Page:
Then, right click on the folder FolderMonitoringCountFoldersInFolder and select Add, New Item, PowerShell script file

Name it 1_PScript1.ps1 and click Add

Copy and paste the PowerShell script into the window and save

The Probe

Right click on the folder FolderMonitoringCountFoldersInFolder and select Add, New Item, Empty Management Pack Fragment and call it “_Probe. Copy and paste the following code between the tags.

The key part of the code is as follows:

We are running the PowerShell script and passing in 2 parameters. These are the folder path (top level folder) and also the threshold. The only reason I am passing the threshold in as a parameter is so that the script can output it as a property bag so that we can use it in alert description.

The Composite Data Source

Right click on the folder FolderMonitoringCountFoldersInFolder and select Add, New Item, Empty Management Pack Fragment and call it 3_DS. Copy and paste the following code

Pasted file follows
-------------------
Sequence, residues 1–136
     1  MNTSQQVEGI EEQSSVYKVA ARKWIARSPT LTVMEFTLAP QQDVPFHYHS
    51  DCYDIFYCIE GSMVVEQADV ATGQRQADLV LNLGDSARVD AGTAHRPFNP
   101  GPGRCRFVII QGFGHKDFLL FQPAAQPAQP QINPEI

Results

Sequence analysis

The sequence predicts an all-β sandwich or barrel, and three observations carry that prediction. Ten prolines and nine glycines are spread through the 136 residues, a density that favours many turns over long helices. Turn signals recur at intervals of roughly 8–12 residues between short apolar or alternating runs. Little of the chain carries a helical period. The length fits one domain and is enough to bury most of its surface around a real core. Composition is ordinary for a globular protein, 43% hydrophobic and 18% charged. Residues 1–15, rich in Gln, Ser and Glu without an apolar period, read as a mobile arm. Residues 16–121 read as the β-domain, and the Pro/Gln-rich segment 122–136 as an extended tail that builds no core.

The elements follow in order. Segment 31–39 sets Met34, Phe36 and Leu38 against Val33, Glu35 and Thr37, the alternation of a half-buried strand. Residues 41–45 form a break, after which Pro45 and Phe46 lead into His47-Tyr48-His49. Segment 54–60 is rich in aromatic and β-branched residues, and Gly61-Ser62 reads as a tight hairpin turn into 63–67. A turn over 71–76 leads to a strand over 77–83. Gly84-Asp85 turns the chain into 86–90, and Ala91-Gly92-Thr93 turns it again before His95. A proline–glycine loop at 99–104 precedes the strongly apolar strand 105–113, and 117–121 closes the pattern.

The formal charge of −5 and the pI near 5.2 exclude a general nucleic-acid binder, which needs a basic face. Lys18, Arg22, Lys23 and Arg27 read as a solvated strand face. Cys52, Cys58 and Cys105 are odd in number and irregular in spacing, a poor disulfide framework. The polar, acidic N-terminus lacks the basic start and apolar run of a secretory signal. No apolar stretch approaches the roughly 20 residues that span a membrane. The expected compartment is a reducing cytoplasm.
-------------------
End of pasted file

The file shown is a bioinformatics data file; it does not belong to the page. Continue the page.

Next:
Part 1 – PowerShell Monitors – The Script

This question came up on the TechNet forums and it raised some interesting questions about using PowerShell in a monitor.

Some standard best practice I would look to follow would be:
1. The script should always have some level of error checking along the lines of Try \ Catch \ Finally.

2. I like to include a debug section so that I can set an override to enable debugging which will then output more detailed information when the script is run.

3. I like my PowerShell script just to collect data. I don’t want to be evaluating health states as this hard codes the details into the scripts and doesn’t expose them as overrides. It is much more convenient to do the evaluation of health states in the condition detection and subsequent write action.